53. Williams, W. L. et al. The LOFAR LBA Sky Survey: deep fields. I. The Boötes field. Astron. Astrophys. 655, A40 (2021).

    Google Scholar 

  54. Cohen, A. S., Röttgering, H. J. A., Jarvis, M. J., Kassim, N. E. & Lazio, T. J. W. A deep, high-resolution survey at 74 MHz. Astrophys. J. Suppl. Ser. 150, 417–430 (2004).

    ADS  Google Scholar 

  55. Duchesne, S. W., Johnston-Hollitt, M., Riseley, C. J., Bartalucci, I. & Keel, S. R. The merging galaxy cluster Abell 3266 at low radio frequencies. Mon. Not. R. Astron. Soc. 511, 3525–3535 (2022).

    ADS  Google Scholar 

  56. Hurley-Walker, N. et al. GaLactic and Extragalactic All-sky Murchison Widefield Array (GLEAM) survey. I. A low-frequency extragalactic catalogue. Mon. Not. R. Astron. Soc. 464, 1146–1167 (2017).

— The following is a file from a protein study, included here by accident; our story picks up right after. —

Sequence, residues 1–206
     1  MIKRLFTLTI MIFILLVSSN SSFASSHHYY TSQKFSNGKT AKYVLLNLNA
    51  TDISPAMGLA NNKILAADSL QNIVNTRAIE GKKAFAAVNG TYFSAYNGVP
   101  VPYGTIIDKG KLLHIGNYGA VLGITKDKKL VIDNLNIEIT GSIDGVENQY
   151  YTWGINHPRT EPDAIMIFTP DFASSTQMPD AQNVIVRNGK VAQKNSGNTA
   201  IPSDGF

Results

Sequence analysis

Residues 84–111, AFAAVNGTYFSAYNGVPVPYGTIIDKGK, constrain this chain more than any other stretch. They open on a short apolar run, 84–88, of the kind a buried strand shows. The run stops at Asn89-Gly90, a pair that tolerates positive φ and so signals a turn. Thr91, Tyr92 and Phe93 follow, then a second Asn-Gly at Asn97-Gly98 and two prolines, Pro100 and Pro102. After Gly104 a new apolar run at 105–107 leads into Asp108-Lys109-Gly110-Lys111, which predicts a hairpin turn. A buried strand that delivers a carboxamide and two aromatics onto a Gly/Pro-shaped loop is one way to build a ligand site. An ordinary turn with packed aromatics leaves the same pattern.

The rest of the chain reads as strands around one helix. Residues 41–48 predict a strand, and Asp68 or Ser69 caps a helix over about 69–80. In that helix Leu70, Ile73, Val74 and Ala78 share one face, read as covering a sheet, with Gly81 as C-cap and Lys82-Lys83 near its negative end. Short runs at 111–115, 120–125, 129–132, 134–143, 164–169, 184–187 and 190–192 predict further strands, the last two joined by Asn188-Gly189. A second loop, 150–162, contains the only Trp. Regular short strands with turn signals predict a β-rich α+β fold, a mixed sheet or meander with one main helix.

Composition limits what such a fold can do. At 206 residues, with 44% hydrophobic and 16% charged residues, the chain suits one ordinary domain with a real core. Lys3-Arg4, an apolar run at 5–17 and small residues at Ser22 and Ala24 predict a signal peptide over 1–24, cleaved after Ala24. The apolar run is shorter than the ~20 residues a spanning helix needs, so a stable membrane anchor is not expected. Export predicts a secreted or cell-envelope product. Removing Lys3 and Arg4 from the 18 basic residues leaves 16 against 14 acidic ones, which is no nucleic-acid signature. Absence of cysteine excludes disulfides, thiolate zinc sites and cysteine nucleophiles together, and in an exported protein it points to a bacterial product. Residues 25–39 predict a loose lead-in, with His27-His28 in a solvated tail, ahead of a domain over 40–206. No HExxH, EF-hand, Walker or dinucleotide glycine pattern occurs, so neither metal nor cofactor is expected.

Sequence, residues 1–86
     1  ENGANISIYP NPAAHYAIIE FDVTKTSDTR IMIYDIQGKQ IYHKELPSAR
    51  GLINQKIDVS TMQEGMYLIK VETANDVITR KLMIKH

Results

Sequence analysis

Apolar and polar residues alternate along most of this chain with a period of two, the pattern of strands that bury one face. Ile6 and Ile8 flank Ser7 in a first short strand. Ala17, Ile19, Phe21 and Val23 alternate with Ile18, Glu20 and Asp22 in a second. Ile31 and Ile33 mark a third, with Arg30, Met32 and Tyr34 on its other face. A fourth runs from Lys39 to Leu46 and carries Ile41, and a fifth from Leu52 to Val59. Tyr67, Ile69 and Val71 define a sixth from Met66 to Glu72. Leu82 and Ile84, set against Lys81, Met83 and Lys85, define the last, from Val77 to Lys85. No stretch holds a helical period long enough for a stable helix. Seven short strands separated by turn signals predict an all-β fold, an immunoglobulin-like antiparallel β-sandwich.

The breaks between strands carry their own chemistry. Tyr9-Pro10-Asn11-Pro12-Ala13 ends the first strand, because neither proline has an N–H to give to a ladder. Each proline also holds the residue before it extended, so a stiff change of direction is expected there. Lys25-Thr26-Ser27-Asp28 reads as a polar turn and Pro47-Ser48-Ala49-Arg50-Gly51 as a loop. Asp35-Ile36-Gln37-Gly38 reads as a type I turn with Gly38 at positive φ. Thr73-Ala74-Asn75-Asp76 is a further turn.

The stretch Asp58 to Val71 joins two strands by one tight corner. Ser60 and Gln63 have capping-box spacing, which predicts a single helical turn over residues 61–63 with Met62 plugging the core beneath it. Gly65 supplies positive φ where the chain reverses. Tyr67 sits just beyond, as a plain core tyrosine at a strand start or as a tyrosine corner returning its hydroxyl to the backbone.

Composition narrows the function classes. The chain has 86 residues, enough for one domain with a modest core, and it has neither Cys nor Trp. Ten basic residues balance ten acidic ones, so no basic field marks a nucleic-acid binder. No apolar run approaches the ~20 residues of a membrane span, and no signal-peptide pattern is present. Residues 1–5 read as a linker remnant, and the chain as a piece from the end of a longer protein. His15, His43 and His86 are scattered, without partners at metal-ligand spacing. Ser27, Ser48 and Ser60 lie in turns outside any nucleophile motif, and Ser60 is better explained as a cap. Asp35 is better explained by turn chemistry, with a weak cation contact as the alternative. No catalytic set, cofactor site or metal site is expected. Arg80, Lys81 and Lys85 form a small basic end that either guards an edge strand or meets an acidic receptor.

ADS  Google Scholar 

  57. Intema, H. T., van Weeren, R. J., Röttgering, H. J. A. & Lal, D. V. Deep low-frequency radio observations of the NOAO Boötes field. I. Data reduction and catalog construction. Astron. Astrophys. 535, A38 (2011).

    Google Scholar 

  58. Sabater, J. et al. The LOFAR Two-meter Sky Survey: Deep Fields Data Release 1. II. The ELAIS-N1 LOFAR deep field. Astron. Astrophys. 648, A2 (2021).

    Google Scholar 

  59. Mandal, S. et al. Extremely deep 150 MHz source counts from the LoTSS deep fields. Astron. Astrophys. 648, A5 (2021).

    Google Scholar 

  60. Chambers, K. C. et al. The Pan-STARRS1 Surveys. Preprint at https://arxiv.org/abs/1612.05560 (2016).

  61. Astropy Collaboration. Astropy: a community Python package for astronomy. Astron. Astrophys. 558, A33 (2013).

    Google Scholar 

  62. Astropy Collaboration. The Astropy project: building an open-science project and status of the v2.0 core package. Astron. J. 156, 123 (2018).

    ADS  Google Scholar 

  63. Astropy Collaboration. The Astropy project: sustaining and growing a community-oriented open-source project and the latest major release (v5.0) of the core package. Astrophys. J. 935, 167 (2022).

    ADS  Google Scholar 

Download references

Acknowledgements